It was about two things–integrity and message.

I now shift my attention from the Roman Catholic Church and J&J to the Mainline denominations which have been notably absent from the national dialogue in recent years. I believe the Mainline churches have a message that would resonate if it were put into accessible language and delivered effectively. It is a message of concern for the wholeness of God’s creation. It’s about particular concern for those who are poor. It’s a commitment to search for peace instead of conflict, forgiveness and reconciliation rather than retribution, and inclusiveness rather than enmity.

I also believe that in the overheated rhetoric that marks the national dialogue today, discussing this message could be a healing catalyst. The challenge the Mainline denominations face is finding the way to stimulate dialogue, formulate messages so they do not become entangled in political partisanship and empowering people to claim and embody values so they shape our lives. This involves taking a more proactive stance toward all media, old-line, such as broadcast and cable, and new media as well. I believe it will mean re-stating traditional values.

No group has a monopoly on traditional values. In the history of the church it is a tradition to stand for justice, and to advocate for the poor, dispossessed, and victimized. It is traditional to engage in reflective prayer, worship and to participate in those activities that will make the world better. This tradition is about living the life of faith with integrity and a consistent moral vision. It’s been so throughout history.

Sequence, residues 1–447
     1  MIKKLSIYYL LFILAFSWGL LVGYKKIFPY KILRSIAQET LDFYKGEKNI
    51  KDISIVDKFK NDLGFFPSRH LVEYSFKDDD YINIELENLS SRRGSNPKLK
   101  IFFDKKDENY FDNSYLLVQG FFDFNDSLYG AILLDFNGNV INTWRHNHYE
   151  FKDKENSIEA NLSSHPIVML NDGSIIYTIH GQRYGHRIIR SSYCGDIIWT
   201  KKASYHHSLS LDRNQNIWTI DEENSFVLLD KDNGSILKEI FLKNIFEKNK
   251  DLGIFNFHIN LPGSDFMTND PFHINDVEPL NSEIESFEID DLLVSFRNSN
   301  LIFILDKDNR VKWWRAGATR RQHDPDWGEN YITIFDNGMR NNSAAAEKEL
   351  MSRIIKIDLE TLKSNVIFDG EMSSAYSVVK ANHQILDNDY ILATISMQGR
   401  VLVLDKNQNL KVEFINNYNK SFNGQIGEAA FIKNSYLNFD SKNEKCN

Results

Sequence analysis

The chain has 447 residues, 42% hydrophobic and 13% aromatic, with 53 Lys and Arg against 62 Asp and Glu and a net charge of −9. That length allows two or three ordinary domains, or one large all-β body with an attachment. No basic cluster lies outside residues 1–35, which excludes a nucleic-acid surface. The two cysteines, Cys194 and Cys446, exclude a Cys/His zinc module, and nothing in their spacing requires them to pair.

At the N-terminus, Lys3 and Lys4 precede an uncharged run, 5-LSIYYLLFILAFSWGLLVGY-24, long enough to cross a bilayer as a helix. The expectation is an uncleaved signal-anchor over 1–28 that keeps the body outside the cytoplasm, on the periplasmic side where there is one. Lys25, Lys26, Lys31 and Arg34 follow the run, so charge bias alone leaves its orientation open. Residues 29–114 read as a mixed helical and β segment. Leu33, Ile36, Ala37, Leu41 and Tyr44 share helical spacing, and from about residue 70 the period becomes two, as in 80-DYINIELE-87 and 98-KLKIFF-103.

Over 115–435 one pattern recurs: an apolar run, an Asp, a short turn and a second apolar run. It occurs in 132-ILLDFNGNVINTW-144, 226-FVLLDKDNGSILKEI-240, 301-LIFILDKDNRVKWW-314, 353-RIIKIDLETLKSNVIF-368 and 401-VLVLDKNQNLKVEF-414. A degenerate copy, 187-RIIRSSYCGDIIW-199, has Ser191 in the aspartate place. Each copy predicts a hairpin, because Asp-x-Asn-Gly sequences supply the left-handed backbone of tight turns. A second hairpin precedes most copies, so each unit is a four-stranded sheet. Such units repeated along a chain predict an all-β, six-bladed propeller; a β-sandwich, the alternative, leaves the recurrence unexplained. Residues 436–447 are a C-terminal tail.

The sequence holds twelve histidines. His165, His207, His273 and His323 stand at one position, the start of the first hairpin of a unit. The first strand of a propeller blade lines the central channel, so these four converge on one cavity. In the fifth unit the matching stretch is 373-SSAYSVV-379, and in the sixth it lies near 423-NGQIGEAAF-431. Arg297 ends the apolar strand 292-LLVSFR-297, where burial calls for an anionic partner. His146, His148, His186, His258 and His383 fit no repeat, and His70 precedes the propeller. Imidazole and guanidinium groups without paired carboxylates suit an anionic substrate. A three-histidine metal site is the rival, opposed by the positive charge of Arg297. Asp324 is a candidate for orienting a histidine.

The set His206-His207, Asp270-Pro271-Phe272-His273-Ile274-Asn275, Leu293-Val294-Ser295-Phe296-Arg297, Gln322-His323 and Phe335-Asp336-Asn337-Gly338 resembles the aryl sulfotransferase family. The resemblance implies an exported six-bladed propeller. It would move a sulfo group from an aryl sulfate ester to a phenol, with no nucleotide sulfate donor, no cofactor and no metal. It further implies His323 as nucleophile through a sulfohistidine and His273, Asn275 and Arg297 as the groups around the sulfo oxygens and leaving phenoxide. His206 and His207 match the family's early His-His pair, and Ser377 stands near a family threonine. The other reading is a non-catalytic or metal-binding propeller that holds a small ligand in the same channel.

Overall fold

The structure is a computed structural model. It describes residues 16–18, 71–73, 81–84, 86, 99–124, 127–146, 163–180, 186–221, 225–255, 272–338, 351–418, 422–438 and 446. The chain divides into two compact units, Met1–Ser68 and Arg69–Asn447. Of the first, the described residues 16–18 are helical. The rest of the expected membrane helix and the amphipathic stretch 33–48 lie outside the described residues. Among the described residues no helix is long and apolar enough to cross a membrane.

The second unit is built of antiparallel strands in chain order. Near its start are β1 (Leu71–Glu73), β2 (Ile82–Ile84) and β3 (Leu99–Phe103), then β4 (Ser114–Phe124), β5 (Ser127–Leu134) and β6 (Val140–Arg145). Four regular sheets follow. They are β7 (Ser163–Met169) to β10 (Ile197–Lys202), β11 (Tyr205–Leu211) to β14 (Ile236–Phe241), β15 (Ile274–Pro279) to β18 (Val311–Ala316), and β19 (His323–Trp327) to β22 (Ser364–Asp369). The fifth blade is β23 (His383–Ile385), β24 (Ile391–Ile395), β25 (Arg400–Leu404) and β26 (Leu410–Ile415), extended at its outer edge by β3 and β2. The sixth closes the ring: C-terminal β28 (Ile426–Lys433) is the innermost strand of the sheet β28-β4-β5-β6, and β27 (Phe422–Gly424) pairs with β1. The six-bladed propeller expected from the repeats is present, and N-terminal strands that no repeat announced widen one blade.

Finally, credibility comes down to consistency between words and actions. In our skeptical age, no matter what the medium, it’s what we say and what we do that is the measure of our credibility.

Community journalism text

The work in community journalism that was done
over the past decade indicates that the more journalists engage in conversation
with the audience, the more likely they are to get information that is reliable
and comprehensive. It stimulates conversation about community concerns rather
than conversation about how the journalist missed the story. The result is
greater credibility because the end result is reporting closer to the
community.<br /><br />

A Mediated Culture of Sadism

Many, many years ago, almost in another life, I listened as the program director of KLNG radio, where I was host of a daily talk show, delivered his critique of my on-air methods after an “air check.” This was a routine coaching session that all station personnel went through, designed to improve performance. A recording of your work on the air was played back and the program director commented on strengths and weaknesses.